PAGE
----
One of the challenges of medical science is how to test a new drug or procedure on humans. If people are nothing more than animals, science can justify experimenting on human subjects for the common good. For example, German and Japanese scientists conducted experiments on World War II prisoners against their will. After the war, international courts prosecuted German doctors and scientists for war crimes related to human experimentation. Japanese researchers did not face trial because the U.S. agreed not to prosecute in exchange for access to their data.
Out of the prosecution of German researchers came what is called “The Nuremberg Code.” It involves ten statements describing the ethical standards for experimenting on human subjects in research. In simple terms, the ten statements are:
- Participants must give consent without stress or force.
- The research must be able to show benefits for the good of society.
- Findings should justify the experiment.
- Research should avoid mental suffering and physical harm.
- No one should be killed or injured.
- Risks should not outweigh the benefits.
- The research should protect participants from injury or death.
- The researcher must be qualified to do the research.
- Participants should be able to stop participating at any time.
- The researcher must be prepared to stop the study at any time.
A classic example of how far things can go in today’s world, even in the United States, is the “Tuskegee Study of Untreated Syphilis in the Male Negro.” That study continued from 1932 to 1972. The United States Public Health Service recruited 600 African American men with syphilis offering them free meals and burial stipends for the right to their bodies after they died. Unfortunately, no medical treatment was made available to those men, and they were subjected to painful spinal taps. You can imagine what they went through with 40 years of untreated syphilis raging in their bodies.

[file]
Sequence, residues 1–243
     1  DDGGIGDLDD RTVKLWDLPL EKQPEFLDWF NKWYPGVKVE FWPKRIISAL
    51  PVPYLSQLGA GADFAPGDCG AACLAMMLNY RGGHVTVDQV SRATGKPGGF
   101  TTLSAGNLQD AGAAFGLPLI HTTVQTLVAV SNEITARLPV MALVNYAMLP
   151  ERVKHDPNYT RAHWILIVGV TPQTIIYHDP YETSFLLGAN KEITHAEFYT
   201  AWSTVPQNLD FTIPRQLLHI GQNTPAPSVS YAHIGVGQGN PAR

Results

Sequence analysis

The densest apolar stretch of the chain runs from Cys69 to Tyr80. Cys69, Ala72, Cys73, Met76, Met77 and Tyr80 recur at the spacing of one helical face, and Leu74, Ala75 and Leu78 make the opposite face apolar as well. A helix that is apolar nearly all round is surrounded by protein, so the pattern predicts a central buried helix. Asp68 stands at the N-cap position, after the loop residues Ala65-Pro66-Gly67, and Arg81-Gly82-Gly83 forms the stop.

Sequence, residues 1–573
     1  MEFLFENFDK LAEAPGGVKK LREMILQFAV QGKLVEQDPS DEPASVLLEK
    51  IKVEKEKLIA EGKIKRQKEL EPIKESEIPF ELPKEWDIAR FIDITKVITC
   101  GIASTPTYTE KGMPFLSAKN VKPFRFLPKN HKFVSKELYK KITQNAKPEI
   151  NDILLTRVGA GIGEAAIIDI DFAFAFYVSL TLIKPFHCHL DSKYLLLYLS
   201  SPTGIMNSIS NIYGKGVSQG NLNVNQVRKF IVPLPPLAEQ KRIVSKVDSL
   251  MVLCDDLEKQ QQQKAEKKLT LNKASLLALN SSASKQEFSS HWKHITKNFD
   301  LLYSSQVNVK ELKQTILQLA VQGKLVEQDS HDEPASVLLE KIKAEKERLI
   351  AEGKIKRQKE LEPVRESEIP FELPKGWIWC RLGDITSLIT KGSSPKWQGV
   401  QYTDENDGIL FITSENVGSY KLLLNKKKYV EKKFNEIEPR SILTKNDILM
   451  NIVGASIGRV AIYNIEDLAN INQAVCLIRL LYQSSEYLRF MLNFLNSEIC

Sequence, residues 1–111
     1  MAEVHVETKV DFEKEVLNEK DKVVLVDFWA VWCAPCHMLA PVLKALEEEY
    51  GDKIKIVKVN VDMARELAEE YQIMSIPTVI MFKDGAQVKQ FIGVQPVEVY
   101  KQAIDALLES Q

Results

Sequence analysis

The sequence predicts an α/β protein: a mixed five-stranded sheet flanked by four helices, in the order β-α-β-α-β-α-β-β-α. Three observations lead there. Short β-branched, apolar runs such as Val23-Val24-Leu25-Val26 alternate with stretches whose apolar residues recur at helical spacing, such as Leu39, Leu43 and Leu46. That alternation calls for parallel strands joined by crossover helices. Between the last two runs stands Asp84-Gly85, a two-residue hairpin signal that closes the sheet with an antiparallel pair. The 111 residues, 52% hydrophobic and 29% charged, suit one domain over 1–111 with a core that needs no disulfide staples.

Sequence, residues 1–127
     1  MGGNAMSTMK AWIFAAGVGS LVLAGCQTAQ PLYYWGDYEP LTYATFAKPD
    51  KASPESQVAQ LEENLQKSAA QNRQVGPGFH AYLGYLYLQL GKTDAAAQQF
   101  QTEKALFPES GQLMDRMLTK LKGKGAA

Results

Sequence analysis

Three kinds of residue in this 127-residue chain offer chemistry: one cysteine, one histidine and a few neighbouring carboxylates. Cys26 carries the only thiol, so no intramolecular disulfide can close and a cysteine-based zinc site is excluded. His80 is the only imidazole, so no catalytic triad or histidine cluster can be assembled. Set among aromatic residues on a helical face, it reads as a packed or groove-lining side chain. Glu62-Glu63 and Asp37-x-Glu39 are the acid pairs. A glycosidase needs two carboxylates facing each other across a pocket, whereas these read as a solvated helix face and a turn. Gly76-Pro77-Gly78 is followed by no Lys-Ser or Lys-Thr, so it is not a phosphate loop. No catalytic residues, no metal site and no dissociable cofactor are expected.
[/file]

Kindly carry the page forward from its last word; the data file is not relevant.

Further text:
Looking at what happened in this terrible event brings to mind the struggles in America today. In the past, society considered blacks to be less human than whites. For that reason, causing them pain and premature death to benefit the scientific establishment was deemed to be acceptable. The “black lives matter” movement of today is rooted in this kind of history.
More to the point is that science ignored the teachings of the Bible. The Bible tells us that humans are created in God’s image (Genesis 1:27), and the body is the temple of God’s Spirit, and defiling the temple invites God’s wrath (1 Corinthians 3:16-17). That means not caring for every person is a rebellion against God. Experimenting on human subjects in the Tuskegee experiment can only be justified if you view blacks as less than human. It also requires embracing the notion that survival of the fittest means it is acceptable to sacrifice the less fit to benefit the fit. Many people today do not accept the Christian view that all humans are special because we are created in the image of God. We can see the result of that in the chaos tearing at the fabric of society.
— John N. Clayton © 2021
For more on the history of the Tuskegee study see “Who Dares to Speak Up” in the July/August 2021 issue of American Scientist, pages 238 -242.